W.S. 2000. A cannabinoid receptor in Drosophila is pharma-
cologically unique. Soc. Neurosci. Abstracts 26: 2165.
Hoyle, C.H.V. 1999. Neuropeptide families and their receptors:
evolutionary perspectives. Brain Res. 848: 1–25.
Kang, D., Huang, F., Li, D., Shankland, M., Gaffield, W. &
Weisblat, D.A. 2003. A hedgehog homolog regulates gut
formation in leech (Helobdella). Development 130: 1645–1657.
Kearn, C.S., Greenberg, M.J., DiCamelli, R., Kurzawa, K. &
Hillard, C.J. 1999. Relationships between ligand affinities for
the cerebellar cannabinoid receptor CB1 and the induction of
GDP/GTP exchange. J. Neurochem. 72: 2379–2387.
Kusserow, A., Pang, K., Sturm, C., Hrouda, M., Lentfer, J.,
Schmidt, H.A., Technau, U., von Haeseler, A., Hobmayer, B.,
Martindale, M.Q. & Holstein, T.W. 2005. Unexpected com-
plexity of the Wnt gene family in a sea anemone. Nature 433:
Lenicque, P.M., Paris, M.R. & Poulot, M. 1972. Effects of some
components of Cannabis sativa on the regenerating planarian
worm Dugesia tigrina. Experientia 28: 1399–1400.
Manuel, M., Kruse, M., Muller, W.E. & Le Parco, Y. 2000. The
comparison of beta-thymosin homologues among metazoa
supports an arthropod-nematode clade. J. Mol. Evol. 51: 378–
Martin, M., Ledent, C., Parmentier, M., Maldonado, R. &
Valverde, O. 2002. Involvement of CB1 cannabinoid receptors
in emotional behaviour. Psychopharmacology 159: 379–387.
Matias, I., Bisogno, T., Melck, D., Vandenbulcke, F., Verger-
Bocquet, M., De Petrocellis, L., Sergheraert, C., Breton, C., Di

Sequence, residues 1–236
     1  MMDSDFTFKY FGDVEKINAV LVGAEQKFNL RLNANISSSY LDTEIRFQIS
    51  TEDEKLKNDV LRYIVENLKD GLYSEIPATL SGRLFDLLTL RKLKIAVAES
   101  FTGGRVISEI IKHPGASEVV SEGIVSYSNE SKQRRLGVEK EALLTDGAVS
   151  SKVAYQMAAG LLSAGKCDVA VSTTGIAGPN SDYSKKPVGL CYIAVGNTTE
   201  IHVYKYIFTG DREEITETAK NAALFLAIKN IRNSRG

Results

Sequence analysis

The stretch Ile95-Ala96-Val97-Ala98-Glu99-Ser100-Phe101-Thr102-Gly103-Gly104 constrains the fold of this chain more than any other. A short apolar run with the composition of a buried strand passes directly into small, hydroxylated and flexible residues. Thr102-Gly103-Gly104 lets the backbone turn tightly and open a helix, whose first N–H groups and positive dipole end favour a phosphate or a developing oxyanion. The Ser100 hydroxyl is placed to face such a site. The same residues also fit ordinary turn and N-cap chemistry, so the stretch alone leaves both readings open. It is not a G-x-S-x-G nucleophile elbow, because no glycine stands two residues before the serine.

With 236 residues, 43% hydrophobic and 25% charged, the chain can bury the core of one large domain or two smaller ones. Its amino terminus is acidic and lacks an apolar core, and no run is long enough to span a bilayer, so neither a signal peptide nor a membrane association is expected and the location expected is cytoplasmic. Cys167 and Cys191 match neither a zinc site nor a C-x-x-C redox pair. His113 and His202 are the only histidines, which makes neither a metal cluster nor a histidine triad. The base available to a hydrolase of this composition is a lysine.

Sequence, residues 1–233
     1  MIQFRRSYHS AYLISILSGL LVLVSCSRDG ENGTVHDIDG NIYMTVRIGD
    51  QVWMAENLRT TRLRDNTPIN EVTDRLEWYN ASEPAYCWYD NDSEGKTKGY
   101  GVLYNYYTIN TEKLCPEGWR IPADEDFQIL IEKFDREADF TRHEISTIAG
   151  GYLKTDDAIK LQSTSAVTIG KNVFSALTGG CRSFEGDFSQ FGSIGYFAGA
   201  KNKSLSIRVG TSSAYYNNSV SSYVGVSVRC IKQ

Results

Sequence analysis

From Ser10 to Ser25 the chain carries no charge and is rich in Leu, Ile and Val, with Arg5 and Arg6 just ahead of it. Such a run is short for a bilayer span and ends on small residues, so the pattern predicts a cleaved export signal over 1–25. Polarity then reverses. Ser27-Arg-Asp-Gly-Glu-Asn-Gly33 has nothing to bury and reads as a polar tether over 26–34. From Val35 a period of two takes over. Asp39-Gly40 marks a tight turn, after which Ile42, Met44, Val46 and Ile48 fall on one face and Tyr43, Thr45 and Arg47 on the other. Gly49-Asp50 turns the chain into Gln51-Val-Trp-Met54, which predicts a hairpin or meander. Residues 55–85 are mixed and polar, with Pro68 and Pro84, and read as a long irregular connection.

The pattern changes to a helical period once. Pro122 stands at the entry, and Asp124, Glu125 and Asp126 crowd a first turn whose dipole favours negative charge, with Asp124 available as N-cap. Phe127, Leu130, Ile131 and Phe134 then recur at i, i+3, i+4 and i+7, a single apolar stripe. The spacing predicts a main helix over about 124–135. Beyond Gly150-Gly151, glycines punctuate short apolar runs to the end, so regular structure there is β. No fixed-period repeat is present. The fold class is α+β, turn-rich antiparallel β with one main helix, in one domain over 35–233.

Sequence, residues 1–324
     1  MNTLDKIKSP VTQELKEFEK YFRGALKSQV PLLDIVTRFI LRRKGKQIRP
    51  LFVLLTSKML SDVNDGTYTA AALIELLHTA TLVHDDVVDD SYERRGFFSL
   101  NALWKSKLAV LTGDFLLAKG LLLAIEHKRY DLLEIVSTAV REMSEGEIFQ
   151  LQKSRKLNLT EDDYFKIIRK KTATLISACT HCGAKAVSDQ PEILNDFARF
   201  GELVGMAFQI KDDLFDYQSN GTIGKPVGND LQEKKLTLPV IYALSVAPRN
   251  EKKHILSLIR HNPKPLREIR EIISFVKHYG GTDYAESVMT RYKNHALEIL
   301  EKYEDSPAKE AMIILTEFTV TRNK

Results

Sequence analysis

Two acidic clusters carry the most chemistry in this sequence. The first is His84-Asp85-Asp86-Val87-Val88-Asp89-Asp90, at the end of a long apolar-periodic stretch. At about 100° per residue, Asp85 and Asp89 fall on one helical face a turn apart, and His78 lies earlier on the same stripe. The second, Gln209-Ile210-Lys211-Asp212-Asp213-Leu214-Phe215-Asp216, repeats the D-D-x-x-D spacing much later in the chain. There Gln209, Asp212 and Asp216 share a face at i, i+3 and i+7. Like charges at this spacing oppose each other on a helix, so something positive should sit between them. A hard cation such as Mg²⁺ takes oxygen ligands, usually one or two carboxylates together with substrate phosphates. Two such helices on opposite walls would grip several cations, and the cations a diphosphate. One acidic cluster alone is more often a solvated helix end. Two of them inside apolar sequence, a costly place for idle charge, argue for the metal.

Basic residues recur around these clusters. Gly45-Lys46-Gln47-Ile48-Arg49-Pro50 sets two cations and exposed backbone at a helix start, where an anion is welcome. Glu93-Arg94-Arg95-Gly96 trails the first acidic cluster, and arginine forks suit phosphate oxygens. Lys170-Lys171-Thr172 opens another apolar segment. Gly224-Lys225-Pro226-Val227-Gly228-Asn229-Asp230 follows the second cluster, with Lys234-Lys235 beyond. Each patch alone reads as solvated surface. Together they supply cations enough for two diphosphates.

Marzo, V. & Salzet, M. 2001. Evidence for an endocannabi-
noid system in the central nervous system of the leech Hirudo
medicinalis. Brain Res. Mol. Brain. Res. 87: 145–159.
Matias, I., Di Marzo, V. & McPartland, J.M. 2005. Occurrence and
possible biological role of the endocannabinoid system in the
sea squirt Ciona intestinalis. J. Neurochemistry 93: 1141–1156.
McPartland, J.M. 2004. Phylogenomic and chemotaxonomic
analysis of the endocannabinoid system. Brain Res. Brain Res.
Rev. 45: 18–29.
McPartland, J.M., Di Marzo, V., De Petrocellis, L., Mercer, A. &
Glass, M. 2001. Cannabinoid receptors are absent in insects.
J. Comp. Neurol. 436: 423–429.
McPartland, J.M. & Glass, M. 2001. The nematocidal effects of
Cannabis may not be mediated by cannabinoid receptors. NZ
J. Crop Horticultural Sci. 29: 301–307.
McPartland, J.M., Clarke, R.C. & Watson, D.P. 2000. Hemp
Diseases and Pests. CABI Publishing, Wallingford, UK.
Mechoulam, R., Fride, E. & Di Marzo, V. 1998. Endocannabi-
noids. Eur. J. Pharmacol. 359: 1–18.
Parkinson, J. 1640. The Theater of Plants – an Universal and
Compleate Herbal, p. 42.Coates Co., London.
Rothschild, M. & Fairbairn, J.W. 1980. Ovipositing butterfly
(Pieris brassicae L.) distinguishes between aqueous extracts of
two strains of Cannabis sativa L. and THC and CBD. Nature 286:
Salzet, M., Salzet-Raveillon, B., Cocquerelle, C., Verger-
Bocquet, M., Pryor, S.C., Rialas, C.M., Laurent, V. &
Stefano, G.B. 1997. Leech immunocytes contain proopiome-
lanocortin: nitric oxide mediates hemolymph proopiomelano-